I am glad to announce that I have successfully completed a one-week Facebook and YouTube detox. From Nov. 20, 2017 to Nov. 26, 2017, I wasn’t allowed to check my Facebook and watch YouTube videos. Recently, I noticed that I’ve been overly checking Facebook and watching too many YouTube videos especially of the show Friends. In this post, I will tell you how I came up with this idea, the rules of the detox week, my progress, and my realizations.
I love watching Project Runway (see Georgina Chapman Talks about Creative Breakdowns, 5 Self-Help Lessons I Learned from Reality TV) not just for the awesome clothes but also for the lessons about human behavior and human relationships. Recently, I caught up with season 14, and at first I thought the life lesson was along the lines of hell is other people, but then I realized something a little more inspirational. People who hate you will hate you, and people who like you will like you. That’s inspirational? Let me explain.
The other day I read this article I kicked my smartphone addiction by retraining my brain to enjoy being bored. I posted about it in my Reader Takes Notes Blog. Basically, the article talks about how important it is to experience boredom. If you always obliterate boredom by going online or playing games, you decrease your ability to think creativity. You never get to space out, let your mind wander, and discover original ideas. What the article doesn’t talk about is the how. How can we learn to get bored again? So here are a few things I came up with:
I would like to announce that I have successfully completed a no-Facebook weekend. This was my first attempt, and I was surprised that I was able to do it. I’ve always heard people saying that there are negative effects to doing too much Facebook, but I’ve always dismissed it (see In Defense of Facebook: 5 Reasons Why I Love Facebook). I thought that these warnings were mere gripes of old people who were being closed-minded about the advances of technology.
My opinion changed when I watched a Ted Talk by Simon Sinek (which I discussed in my post Nothing has changed since the last time you checked Facebook). I realized that as much as Facebook has been a useful tool to communicate with others and to share information, it can also be an addicting thing that can make you crave for constant social approval. So I decided to kick my Facebook addiction.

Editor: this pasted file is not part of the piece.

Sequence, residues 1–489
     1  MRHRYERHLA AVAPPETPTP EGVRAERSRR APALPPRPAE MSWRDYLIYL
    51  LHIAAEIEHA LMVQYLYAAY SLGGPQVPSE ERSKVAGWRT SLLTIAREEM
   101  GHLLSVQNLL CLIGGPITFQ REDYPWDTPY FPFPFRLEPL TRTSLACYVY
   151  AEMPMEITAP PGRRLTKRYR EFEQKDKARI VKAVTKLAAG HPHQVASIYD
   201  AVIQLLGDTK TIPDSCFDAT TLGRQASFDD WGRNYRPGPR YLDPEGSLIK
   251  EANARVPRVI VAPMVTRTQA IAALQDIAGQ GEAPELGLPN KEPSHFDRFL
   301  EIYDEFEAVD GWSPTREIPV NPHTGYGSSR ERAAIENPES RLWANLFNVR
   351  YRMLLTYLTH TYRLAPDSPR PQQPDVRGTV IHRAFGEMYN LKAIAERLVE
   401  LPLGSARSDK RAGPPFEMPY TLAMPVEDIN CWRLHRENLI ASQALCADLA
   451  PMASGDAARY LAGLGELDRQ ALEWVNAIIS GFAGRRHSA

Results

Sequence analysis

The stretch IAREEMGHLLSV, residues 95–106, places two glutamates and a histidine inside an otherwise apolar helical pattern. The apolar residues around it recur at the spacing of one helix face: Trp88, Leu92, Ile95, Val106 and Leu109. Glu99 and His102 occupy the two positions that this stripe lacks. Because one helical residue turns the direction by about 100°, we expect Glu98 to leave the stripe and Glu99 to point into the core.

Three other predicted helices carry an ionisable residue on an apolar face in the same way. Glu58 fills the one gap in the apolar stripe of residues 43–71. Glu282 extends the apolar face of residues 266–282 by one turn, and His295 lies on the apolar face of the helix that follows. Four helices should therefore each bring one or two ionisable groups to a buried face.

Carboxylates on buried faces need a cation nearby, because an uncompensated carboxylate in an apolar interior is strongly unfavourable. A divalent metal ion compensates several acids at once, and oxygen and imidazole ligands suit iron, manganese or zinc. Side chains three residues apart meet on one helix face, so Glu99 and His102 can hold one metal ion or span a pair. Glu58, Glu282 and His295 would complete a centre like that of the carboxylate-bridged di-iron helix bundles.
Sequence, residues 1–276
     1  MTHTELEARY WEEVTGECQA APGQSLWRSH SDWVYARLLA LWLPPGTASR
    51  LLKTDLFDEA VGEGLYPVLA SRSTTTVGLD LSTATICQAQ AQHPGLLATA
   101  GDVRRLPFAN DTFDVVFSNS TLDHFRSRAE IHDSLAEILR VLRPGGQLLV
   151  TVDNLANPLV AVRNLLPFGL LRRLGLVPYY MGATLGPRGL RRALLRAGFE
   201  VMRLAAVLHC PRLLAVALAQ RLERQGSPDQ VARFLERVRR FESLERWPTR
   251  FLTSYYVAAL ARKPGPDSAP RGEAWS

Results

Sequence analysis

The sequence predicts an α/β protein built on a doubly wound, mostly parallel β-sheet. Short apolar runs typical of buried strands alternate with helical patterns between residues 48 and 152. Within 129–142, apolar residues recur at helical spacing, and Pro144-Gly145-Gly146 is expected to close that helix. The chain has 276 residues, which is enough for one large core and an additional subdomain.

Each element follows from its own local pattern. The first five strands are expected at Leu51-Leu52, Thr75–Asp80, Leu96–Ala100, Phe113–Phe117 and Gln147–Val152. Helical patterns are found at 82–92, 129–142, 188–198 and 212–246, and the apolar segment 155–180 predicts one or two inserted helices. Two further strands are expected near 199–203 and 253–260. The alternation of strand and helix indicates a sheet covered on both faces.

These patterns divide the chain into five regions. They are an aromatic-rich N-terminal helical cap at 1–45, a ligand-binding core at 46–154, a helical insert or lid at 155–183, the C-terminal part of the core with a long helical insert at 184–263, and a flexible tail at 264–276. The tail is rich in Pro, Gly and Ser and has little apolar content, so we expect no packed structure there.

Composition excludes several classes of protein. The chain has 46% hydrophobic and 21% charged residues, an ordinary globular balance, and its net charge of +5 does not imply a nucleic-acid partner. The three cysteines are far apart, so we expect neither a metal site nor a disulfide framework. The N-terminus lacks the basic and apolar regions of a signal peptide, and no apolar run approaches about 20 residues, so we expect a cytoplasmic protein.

Ever since I watched this video where Simon Sinek talked about Millenials and our relationship with social media, I realized that I’m addicted to Facebook and it’s bad. In the past, I really did not understand the criticisms against social media. I even eagerly professed my love for Facebook. When I watched this video though, I was convinced that excessive use of Facebook can be detrimental. Aside from the obvious reason that it’s a time-waster, it also makes people addicted and dependent on social praise. In the long run, this can degrade one’s resilience against failure. Before I discuss those points, you can watch the video here:
I watched a Netflix documentary called Living on One Dollar. It’s about young American men who traveled to Guatemala so that they can understand what it’s like to live like the poorest of the poor. Since they were on a budget, they couldn’t eat that much, and they started to feel lethargic. Then I realized, the poor face this everyday. They lack nutrition, which affects their energy levels, and this also affects how they work.
So I watched Friends with Money on Netflix. It’s about three female friends who are rich and have husbands and another female friend who is single and works as a maid. The fourth friend’s name is Olivia, and at the end of the movie she dates Marty. She used to clean his house and thought he was an unemployed loser. When she calls to tell her she’s quitting, he asks her out. She says yes and brings him to a fancy fundraising dinner that she attends with her friends. Before the dinner, they talk in his apartment, and they hit it off. At the end of the date, he reveals to her that he is rich, so rich that he doesn’t have to work. She is delighted. She finally hit the jackpot. She has sex with him, but the morning after, something else hits her.